(6.71)
6.6.2 BitLevel Encodings of BitVector Arithmetic Problem 6.8 (negation). Prove (∼ b) + 1S = −bS mod 2l . Problem 6.9 (relational operators). Prove the correctness of the ﬂattening for “f
190
8 Pointer Logic
8.3 Modeling HeapAllocated Data Structures 8.3.1 Lists Heapallocated data structures play an important role in programs, and are prone to pointerrelated errors. We now illustrate how to model a number of commonly used data structures using pointer logic. After the array, the simplest dynamically allocated data structure is the linked list. It is typically realized by means of a structure type that contains ﬁelds for a next pointer and the data that is to be stored in the list. As an example, consider the following list. The ﬁrst ﬁeld is named a and is an ASCII character, serving as the “payload”, and the second ﬁeld is named n, and is the pointer to the next element of the list. Following ANSIC syntax, we use ’x’ to denote the integer that represents the ASCII character “x”:
p
’t’
’e’
’x’
’t’
.
.
.
0
The list is terminated by a NULL pointer, which is denoted by “0” in the diagram above. A way of modeling this list is to use the following formula: p → ’t’, p1 ∧ p1 → ’e’, p2 ∧ p2 → ’x’, p3 ∧ p3 → ’t’, NULL .
(8.14)
This way of specifying lists is cumbersome, however. Therefore, disregarding the payload ﬁeld, we ﬁrst introduce a recursive shorthand for the ith member of a list:8 . listelem(p, 0) = p , (8.15) . listelem(p, i) = listelem(p, i − 1)>n for i ≥ 1 .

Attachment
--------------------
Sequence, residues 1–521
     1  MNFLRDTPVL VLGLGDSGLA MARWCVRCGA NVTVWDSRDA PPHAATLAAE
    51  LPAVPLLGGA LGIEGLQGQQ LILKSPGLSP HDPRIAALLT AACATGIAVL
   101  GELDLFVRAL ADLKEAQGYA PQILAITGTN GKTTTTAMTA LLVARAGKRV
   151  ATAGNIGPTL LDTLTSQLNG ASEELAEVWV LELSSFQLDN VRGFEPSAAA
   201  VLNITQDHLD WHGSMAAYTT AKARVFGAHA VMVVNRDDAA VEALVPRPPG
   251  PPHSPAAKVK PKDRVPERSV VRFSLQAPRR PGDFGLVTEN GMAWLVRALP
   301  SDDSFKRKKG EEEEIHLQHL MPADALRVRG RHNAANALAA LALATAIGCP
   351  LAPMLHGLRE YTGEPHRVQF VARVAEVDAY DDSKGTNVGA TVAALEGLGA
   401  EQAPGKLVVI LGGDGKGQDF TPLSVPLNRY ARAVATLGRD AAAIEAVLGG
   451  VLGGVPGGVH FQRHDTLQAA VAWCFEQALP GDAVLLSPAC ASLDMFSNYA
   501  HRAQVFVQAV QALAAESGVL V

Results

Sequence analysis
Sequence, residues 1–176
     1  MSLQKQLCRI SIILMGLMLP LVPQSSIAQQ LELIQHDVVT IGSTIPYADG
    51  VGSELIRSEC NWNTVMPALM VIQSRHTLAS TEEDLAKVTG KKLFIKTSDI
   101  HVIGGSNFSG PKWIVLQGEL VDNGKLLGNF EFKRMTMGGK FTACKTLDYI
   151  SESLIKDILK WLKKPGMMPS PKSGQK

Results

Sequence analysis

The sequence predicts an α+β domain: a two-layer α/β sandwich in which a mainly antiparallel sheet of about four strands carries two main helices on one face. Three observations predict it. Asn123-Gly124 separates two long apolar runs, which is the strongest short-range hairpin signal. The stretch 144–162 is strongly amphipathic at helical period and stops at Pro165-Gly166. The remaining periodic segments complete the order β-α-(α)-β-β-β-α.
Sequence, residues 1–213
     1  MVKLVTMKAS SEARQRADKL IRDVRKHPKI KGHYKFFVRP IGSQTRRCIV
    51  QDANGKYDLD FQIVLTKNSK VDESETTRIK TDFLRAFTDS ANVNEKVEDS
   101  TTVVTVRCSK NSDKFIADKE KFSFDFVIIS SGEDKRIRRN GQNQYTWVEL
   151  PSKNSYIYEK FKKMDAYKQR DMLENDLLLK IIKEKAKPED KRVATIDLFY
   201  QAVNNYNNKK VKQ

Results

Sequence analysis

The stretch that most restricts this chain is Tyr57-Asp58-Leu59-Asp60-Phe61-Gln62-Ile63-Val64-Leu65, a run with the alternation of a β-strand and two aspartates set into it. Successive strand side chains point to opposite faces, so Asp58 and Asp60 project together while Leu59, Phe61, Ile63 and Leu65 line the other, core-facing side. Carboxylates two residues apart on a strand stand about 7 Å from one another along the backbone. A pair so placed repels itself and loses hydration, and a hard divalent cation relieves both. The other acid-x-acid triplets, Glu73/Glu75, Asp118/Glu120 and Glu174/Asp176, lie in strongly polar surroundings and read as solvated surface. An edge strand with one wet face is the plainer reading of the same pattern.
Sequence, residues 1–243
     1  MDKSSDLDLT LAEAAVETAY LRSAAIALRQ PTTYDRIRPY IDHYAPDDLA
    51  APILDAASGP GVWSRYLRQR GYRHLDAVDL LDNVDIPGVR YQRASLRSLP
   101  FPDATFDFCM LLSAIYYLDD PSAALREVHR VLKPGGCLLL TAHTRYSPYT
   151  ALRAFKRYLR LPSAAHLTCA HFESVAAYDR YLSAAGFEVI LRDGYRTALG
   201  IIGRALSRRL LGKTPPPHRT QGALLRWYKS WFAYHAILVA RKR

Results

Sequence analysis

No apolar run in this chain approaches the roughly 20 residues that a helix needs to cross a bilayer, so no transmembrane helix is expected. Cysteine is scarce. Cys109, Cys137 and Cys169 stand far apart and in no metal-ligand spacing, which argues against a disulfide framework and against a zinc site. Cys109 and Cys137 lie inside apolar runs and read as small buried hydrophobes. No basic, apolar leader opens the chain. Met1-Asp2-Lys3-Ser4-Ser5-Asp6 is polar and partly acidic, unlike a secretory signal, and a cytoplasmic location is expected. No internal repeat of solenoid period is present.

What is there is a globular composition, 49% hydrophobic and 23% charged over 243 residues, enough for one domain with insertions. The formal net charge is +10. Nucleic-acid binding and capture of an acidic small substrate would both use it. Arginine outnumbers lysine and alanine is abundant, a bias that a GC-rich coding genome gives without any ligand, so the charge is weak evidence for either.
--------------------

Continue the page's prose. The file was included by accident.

list We now deﬁne the shorthand list(p, l) to denote a predicate that is true if p points to a NULLterminated acyclic list of length l: . list(p, l) = listelem(p, l) = NULL . (8.16) A linked list is cyclic if the pointer of the last element points to the ﬁrst one:
p
’t’
’e’
’x’
’t’
.
.
.
.
Consider the following variant mylist(p, l), intended to capture the fact that p points to such a cyclic list of length l ≥ 1: 8
Note that recursive deﬁnitions of this form are, in general, only embeddable into our pointer logic if the second argument is a constant.
8.3 Modeling HeapAllocated Data Structures . mylist(p, l) = listelem(p, l) = p .
191 (8.17)
Does this deﬁnition capture the concept properly? The list in the diagram above satisﬁes mylist(p, 4). Unfortunately, the following list satisﬁes mylist(p, 4) just as well:
p
’t’
. This is due to the fact that our deﬁnition does not preclude sharing of elements of the list, despite the fact that we had certainly intended to specify that there are l disjoint list elements. Properties of this kind are often referred to as separation properties. A way to assert that the list elements are disjoint is to deﬁne a shorthand overlap as follows: . overlap(p, q) = p = q ∨ p + 1 = q ∨ p = q + 1 .
(8.18)
This shorthand is then used to state that all list elements are pairwise disjoint: . listdisjoint(p, 0) = true , . listdisjoint(p, l) = listdisjoint(p, l − 1)∧ ∀0 ≤ i < l − 1. ¬overlap(listelem(p, i), listelem(p, l − 1)) .
(8.19)